A look inside the Clarksburg Mission’s Sober Living homes

West Virginia

CLARKSBURG, WV (WBOY) – It’s a special celebration for the Clarksburg Mission’s Sober Living Homes. Three people are graduating from the program—the most they’ve ever had at the same time.

Payden Michael, Brittany Miles and Chance Ward gathered with their friends and family to commemorate their time at the house. 

This triple graduation is the biggest graduation yet at the Clarksburg Mission’s Sober Living Homes

“Honestly, I was real bad on drugs, and I had a federal case,” Chance admits, “I went to jail, and then from jail I went to Bob Mays here in Clarksburg, and I spent like 92 days there and came here February sixth of last year. And this is where my whole recovery, my whole foundations came from here. This place really saved my life.”

The sober living homes helped Brittany attain a GED and Chance get back her ID. Now, Brittany and Chance will be getting their own apartment and have enrolled in college.

A Christian facility, everyone prayed over the food before digging in

“I’m very nervous, but I know that I’ll be ok,” said Chance, “When I go out on my own, I know the things that I need to do, like the coping skills. If I’m getting triggered or want to use or something, I know that I have phone numbers here that I can call, and then other people out in the recovery community that will be there for me if I need somebody.”

The sober living homes prides itself in building a recovery community. The welcoming atmosphere they try to uphold becomes family for people who might not have the support from their biological family.

“I don’t have a whole lot of family,” said Brittany, “So, everybody in this room became my family.”

The process also strives on reconnecting people with their family, as Payden was reconnected with his daughter, Ava.

Payden Michael with his daughter, Ava

“We live in Parsons, and there’s no place like this there,” said Payden’s mom, “It has not only made him a better person, it’s made him a better son. It’s made him a better father.”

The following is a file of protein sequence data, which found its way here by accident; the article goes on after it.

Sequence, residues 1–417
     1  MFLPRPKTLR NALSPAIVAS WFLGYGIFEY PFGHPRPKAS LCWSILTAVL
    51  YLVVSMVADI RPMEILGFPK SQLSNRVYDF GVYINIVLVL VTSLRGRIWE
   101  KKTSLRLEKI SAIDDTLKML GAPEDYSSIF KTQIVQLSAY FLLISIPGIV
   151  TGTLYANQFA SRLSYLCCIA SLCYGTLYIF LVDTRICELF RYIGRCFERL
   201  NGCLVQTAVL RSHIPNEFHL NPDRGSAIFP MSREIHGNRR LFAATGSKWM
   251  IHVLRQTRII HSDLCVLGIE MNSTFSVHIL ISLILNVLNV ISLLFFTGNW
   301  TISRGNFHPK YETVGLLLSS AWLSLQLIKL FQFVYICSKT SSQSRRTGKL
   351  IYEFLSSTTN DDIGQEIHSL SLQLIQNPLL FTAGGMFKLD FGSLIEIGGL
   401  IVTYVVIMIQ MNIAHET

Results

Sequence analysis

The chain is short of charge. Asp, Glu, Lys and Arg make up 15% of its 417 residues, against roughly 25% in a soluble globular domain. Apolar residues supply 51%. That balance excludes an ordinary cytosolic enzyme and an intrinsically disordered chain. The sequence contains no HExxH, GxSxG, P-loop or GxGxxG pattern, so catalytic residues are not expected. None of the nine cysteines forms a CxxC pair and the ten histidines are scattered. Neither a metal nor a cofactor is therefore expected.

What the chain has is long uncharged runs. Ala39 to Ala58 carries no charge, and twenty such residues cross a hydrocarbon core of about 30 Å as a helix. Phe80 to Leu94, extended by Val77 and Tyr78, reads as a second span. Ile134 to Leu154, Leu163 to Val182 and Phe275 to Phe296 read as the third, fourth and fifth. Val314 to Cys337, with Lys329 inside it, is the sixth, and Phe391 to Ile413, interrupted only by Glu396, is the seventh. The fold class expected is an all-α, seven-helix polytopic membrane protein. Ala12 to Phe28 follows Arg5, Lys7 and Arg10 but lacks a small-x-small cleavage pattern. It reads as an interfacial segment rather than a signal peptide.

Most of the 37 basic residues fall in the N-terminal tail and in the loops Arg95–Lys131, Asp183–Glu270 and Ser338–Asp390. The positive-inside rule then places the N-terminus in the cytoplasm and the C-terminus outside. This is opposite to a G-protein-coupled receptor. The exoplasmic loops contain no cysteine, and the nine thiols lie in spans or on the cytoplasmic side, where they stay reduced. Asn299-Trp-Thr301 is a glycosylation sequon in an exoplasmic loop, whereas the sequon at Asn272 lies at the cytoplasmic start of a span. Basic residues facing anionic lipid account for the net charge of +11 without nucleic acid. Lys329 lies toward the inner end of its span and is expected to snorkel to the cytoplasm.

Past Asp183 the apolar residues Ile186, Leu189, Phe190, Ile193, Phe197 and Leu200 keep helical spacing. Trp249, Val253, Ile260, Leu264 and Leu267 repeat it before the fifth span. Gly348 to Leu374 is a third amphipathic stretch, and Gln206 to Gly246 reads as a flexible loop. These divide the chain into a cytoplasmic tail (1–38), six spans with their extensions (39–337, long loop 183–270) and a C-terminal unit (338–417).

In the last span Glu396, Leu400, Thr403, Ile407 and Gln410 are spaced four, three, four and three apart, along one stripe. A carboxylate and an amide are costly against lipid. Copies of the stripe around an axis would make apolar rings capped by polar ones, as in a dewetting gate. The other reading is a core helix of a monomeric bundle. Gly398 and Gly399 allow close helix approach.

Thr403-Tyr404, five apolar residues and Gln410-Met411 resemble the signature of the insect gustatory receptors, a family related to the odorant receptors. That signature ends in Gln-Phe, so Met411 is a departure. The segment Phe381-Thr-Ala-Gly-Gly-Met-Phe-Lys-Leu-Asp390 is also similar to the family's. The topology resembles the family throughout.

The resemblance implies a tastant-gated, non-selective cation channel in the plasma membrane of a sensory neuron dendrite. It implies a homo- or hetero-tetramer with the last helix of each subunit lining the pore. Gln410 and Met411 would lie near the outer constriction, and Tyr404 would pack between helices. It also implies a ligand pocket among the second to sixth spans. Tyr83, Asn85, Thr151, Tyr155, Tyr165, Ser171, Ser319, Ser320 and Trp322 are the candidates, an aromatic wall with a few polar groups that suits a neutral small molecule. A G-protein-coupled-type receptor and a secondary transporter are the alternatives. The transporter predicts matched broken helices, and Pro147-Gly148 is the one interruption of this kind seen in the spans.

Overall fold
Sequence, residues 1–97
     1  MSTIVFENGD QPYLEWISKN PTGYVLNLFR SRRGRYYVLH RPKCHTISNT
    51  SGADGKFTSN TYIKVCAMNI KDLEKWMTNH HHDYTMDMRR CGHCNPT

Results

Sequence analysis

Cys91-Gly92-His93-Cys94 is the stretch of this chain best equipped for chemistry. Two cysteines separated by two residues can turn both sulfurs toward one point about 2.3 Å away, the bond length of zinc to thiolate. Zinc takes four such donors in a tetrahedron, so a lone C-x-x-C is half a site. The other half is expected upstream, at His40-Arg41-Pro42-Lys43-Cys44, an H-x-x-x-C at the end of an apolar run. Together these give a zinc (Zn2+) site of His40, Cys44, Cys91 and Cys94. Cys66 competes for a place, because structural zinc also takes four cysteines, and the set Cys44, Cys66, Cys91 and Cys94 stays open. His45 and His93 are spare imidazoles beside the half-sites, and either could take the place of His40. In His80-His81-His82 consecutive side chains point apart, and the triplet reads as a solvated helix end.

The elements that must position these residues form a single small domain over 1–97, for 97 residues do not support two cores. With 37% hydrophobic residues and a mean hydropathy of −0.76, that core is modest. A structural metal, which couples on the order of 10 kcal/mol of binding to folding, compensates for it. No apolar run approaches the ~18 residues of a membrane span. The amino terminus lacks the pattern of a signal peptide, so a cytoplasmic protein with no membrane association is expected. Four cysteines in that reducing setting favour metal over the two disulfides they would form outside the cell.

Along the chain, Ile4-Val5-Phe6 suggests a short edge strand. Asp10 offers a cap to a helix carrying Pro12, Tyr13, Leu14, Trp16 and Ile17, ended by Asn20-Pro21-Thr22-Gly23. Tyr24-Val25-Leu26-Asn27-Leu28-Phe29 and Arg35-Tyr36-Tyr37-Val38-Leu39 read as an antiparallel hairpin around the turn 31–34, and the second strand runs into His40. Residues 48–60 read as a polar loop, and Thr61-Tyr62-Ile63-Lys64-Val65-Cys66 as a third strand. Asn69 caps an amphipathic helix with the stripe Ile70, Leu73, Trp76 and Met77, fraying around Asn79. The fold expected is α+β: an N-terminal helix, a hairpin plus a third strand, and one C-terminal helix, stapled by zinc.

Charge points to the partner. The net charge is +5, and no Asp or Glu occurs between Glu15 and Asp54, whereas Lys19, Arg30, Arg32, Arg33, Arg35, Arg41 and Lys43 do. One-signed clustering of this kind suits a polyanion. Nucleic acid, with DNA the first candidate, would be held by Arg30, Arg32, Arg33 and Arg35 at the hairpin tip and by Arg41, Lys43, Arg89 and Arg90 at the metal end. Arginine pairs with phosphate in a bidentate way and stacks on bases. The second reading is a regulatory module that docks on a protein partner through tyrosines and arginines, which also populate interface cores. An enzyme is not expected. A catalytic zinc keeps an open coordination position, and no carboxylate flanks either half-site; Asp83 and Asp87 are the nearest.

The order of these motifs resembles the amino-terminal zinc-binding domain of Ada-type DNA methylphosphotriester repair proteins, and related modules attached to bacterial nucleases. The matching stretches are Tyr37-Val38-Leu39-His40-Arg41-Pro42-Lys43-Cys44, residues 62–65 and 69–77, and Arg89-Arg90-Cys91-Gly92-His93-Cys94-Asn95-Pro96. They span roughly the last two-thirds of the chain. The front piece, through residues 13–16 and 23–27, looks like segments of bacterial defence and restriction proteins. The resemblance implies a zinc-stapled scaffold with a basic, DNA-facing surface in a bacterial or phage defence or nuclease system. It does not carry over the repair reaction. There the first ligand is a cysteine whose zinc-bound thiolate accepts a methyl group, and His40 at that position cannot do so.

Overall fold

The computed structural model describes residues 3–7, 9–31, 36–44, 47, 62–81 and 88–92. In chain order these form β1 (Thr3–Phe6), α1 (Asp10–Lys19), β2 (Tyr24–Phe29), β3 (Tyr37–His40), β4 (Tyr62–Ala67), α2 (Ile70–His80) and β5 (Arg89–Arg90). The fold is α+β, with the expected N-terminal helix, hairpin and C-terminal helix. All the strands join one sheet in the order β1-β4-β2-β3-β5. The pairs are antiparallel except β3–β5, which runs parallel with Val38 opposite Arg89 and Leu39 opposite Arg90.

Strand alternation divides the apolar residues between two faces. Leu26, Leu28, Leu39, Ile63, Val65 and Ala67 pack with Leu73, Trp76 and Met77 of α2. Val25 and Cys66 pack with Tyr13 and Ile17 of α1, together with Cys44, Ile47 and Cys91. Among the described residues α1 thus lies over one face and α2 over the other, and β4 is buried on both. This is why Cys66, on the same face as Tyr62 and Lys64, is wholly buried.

In order to get into the sober living homes, they require a 28-day treatment center and an application process. Payden said when he was going through the interview process, it was the first time in a long time that somebody said they would take a chance on him.

A picture slideshow of the graduates’ time at sober living set to music was shown after dinner

“I was just tired. I was tired of waking up and having more charges. I was tired of waking up in the hospital. I was tired of being sick. Losing jobs. Getting suspended from jobs and basically burning every bridge that I ever had,” said Payden, “It got to the point where it didn’t work getting high or getting drunk. I couldn’t even numb that pain. It was too much to bear at that point.” 

After graduating, Payden said he wants to continue to support the program by being the assistant house manager. All three graduates say they are grateful for their experience at the sober living home.

“I just want to thank the mission and these houses and Andy Bailey because they’ve really saved my life, for real,” said Chance, “This has been an experience that I’ll never forget and this has been something that has helped me find my voice.”

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